I checked this book out of the library a few months ago. It has been sitting on my drawer for quite a while now, and so I finally picked it up and started on it. It started quite ok, but it stayed flat. In short, it was quite painful to finish, although I didn't skip the chapters, and faithfully read until the end. When I finished, I was more than happy to return it to the library.
Now what could be wrong with this novel? Well, to start with, there was no character that seemed to be the protagonist. Everyone had a chapter or two of their own. None of the characters were likable. It seemed that everyone was an enemy: the Americans were enemies because they were sucking the life off Cuban land and living like they were having their own fiefdoms, or the Cuban rebels for torching the sugar plantations and planning and executing the revolution. Everyone seemed to be the enemy in this case.
The narration also shifted constantly from an omniscient point of view, to the point of view of K.C. Stites, which is a character, not really major, but not really minor either. It was quite dizzying when the shifts occurred. There were so many characters, so many American families and other characters that I wished there was a genealogy chart in the beginning of the book, instead of a map of Cuba. It could have been a good historical novel, but the spotlight was shown on multiple people that it was quite hard to keep track. The book lacked a cohesive element, except that everything was just set in Cuba.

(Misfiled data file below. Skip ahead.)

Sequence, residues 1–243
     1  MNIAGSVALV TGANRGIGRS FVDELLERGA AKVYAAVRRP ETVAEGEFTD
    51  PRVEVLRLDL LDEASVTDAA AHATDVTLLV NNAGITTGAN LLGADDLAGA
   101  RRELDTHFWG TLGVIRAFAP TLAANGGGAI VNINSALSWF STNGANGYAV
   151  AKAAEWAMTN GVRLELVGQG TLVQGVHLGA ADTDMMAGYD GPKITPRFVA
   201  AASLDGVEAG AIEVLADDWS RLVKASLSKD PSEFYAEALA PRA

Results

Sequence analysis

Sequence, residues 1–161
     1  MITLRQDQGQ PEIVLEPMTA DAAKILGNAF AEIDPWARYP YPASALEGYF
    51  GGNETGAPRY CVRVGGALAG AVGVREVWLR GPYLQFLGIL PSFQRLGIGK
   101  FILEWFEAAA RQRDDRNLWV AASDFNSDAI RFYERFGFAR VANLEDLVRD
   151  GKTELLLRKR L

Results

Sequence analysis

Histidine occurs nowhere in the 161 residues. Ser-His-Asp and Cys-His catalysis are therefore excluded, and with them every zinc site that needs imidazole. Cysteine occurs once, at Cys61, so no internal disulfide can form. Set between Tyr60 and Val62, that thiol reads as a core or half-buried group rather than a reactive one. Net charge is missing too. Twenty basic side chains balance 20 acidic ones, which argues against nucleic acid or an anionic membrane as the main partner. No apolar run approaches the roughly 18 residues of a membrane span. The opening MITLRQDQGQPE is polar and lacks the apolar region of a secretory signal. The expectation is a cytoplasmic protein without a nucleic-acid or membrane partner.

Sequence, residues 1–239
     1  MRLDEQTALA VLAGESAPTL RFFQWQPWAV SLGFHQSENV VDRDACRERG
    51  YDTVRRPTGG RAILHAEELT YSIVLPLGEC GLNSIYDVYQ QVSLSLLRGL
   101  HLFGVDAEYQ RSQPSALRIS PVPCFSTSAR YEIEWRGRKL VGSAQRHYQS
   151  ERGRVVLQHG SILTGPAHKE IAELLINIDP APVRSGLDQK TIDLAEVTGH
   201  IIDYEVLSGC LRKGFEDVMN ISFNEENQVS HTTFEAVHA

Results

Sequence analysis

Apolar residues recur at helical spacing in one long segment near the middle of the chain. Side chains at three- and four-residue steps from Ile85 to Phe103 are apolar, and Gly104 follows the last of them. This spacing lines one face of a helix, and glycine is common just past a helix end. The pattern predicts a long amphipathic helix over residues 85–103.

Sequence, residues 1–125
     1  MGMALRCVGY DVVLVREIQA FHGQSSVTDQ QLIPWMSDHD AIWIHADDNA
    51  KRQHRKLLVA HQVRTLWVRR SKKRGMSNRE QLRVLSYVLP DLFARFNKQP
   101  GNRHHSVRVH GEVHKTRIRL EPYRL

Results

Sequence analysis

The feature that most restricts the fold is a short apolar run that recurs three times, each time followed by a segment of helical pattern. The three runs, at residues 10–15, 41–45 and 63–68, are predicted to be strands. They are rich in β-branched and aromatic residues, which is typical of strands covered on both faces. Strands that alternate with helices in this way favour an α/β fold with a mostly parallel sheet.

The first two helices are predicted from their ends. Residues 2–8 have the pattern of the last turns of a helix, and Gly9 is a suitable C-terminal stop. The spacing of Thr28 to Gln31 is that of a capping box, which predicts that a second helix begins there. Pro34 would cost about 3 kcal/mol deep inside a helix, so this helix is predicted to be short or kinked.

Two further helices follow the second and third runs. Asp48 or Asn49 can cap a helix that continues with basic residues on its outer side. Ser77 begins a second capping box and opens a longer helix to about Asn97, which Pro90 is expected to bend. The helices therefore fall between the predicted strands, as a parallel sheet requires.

If you like Cuban historical fiction, go ahead and read this. Otherwise, I say pick up something else.
See my other book reviews here.